The feed-in tariff is the obvious example of this, where they just made a total balls-up of it. They’re not providing any certainty for the industry to go forward and invest in things, do all of the things we could have in terms of green jobs in onshore or offshore wind, or where you had the insulation industry saying the number of jobs was going to plunge. And that’s a tragedy, because that’s both good jobs lost, and people left in cold homes, elderly people in ill-health who might die this winter, which are problems that Scandinavian countries with worse weather than us don’t have. Government isn’t doing anything right – it doesn’t take the environment seriously and it’s not competent.

Michael Playing devil’s advocate now, how would you respond to the argument that in times of economic hardship and austerity, concern for the environment has to take a backseat to restoring competitiveness?

Natalie The fact is that we have to act. The effect of food price rises is one example where we’re seeing an economic impact of climate change. It’s not an either/or situation. If we invest in renewable energy, insulation, public transport, what we’re doing is creating jobs, reducing people’s fuel bills, reducing fuel poverty. So doing things to deal with their environment can help us tackle our overall economic problems. The whole cuts agenda ignores that we need to invest in our houses, our infrastructure, all of which are economically positive.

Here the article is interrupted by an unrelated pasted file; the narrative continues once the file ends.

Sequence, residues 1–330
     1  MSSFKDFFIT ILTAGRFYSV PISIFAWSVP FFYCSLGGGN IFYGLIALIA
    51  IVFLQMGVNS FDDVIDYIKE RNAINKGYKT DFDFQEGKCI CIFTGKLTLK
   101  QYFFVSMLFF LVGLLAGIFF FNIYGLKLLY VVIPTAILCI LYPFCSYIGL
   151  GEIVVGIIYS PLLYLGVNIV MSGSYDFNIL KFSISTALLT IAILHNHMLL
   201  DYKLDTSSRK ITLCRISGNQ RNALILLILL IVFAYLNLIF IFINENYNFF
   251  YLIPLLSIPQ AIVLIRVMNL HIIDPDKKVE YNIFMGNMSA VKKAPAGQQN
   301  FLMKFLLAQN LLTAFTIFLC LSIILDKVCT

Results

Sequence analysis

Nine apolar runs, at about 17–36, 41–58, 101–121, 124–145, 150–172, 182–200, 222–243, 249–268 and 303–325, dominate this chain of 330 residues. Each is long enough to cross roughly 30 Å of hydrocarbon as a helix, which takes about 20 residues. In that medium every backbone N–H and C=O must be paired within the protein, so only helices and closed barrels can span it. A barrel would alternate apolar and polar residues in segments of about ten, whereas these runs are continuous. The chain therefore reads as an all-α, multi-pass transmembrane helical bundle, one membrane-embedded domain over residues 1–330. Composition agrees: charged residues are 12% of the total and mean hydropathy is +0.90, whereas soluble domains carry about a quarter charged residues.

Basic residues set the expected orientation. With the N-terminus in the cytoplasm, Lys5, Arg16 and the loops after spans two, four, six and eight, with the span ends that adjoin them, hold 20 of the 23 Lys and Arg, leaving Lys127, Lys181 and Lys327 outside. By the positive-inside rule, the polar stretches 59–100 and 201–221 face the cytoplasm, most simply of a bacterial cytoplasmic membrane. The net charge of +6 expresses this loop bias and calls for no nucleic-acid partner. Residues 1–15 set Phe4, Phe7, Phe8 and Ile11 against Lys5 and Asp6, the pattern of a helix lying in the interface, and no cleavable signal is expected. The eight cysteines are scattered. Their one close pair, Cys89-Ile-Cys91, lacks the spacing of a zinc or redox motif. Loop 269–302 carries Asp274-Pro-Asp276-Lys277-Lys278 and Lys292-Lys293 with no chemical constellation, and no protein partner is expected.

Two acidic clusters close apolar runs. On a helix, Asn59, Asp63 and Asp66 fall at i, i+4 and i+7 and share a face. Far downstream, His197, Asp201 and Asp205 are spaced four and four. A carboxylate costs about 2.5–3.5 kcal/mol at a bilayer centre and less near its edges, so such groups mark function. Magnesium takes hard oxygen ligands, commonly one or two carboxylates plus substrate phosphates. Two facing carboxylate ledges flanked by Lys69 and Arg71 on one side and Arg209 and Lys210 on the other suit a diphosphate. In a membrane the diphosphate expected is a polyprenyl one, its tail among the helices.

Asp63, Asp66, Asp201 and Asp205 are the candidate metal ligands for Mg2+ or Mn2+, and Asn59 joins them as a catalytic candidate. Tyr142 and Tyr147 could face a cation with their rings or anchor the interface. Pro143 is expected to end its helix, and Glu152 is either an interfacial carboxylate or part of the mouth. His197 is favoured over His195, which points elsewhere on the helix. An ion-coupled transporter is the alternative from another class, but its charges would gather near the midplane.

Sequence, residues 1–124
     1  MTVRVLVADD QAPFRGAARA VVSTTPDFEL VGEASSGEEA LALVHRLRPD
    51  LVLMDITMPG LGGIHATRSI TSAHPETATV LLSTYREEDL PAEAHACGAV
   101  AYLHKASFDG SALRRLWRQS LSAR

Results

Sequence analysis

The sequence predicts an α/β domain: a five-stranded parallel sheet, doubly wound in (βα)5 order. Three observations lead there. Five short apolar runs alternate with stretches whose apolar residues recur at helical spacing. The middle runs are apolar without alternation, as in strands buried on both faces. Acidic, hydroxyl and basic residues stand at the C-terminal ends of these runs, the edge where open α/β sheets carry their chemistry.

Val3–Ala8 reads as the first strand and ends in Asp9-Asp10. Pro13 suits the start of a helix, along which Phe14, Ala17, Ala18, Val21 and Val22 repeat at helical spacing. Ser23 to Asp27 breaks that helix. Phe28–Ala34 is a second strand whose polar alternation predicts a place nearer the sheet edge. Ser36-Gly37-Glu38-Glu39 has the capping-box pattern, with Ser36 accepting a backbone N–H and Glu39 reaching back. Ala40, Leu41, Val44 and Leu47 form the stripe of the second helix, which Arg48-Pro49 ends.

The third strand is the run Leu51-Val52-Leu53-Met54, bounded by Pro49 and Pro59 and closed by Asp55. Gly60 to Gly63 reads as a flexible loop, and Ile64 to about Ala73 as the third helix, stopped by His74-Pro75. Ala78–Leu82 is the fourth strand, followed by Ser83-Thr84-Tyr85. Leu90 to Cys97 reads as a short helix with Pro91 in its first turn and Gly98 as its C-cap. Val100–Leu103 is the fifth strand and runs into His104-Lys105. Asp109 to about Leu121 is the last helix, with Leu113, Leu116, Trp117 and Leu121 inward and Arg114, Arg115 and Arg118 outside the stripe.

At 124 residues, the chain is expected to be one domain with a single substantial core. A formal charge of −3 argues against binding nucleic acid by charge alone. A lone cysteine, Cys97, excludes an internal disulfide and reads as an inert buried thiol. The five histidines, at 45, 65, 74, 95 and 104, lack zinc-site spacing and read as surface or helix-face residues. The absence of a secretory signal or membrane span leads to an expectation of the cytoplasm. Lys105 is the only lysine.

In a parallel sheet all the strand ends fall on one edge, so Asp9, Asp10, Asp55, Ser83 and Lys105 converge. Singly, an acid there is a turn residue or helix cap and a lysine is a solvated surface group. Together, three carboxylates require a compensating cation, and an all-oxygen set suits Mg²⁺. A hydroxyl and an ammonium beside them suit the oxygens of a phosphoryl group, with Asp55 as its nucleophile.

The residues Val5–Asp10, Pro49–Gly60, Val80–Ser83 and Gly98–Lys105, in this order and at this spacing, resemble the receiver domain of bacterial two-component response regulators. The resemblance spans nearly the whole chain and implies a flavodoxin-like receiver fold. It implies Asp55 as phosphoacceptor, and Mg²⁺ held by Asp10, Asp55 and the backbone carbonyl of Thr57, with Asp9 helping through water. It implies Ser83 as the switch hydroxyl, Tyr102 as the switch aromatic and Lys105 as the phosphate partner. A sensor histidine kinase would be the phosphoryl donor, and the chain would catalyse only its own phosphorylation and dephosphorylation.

Andrew On the climate, to put it starkly, after Copenhagen and Durban, it looks like the momentum on a binding international limit on emissions has gone; opinion polls show that people seem less concerned on climate change than they were previously; and then with the growth of India, China, and now even Germany building coal-fired power stations – how does climate change get put back on the agenda? Or, perhaps alternatively, should the Green Party not put climate so high on the agenda and focus instead more on economic issues along with the apparent mood of the voters?

Natalie As I said these aren’t either/or. Often we will talk about the Arctic sea-ice and say that greater action is needed. Or we can say that to reduce air pollution we need fewer vehicles on the roads. Now, that is fitting with the climate change agenda but it needn’t necessarily always be front and centre. There are many ways of coming at these things and they are all interrelated. That’s what can be difficult about promoting a Green message – all these things are tied up together.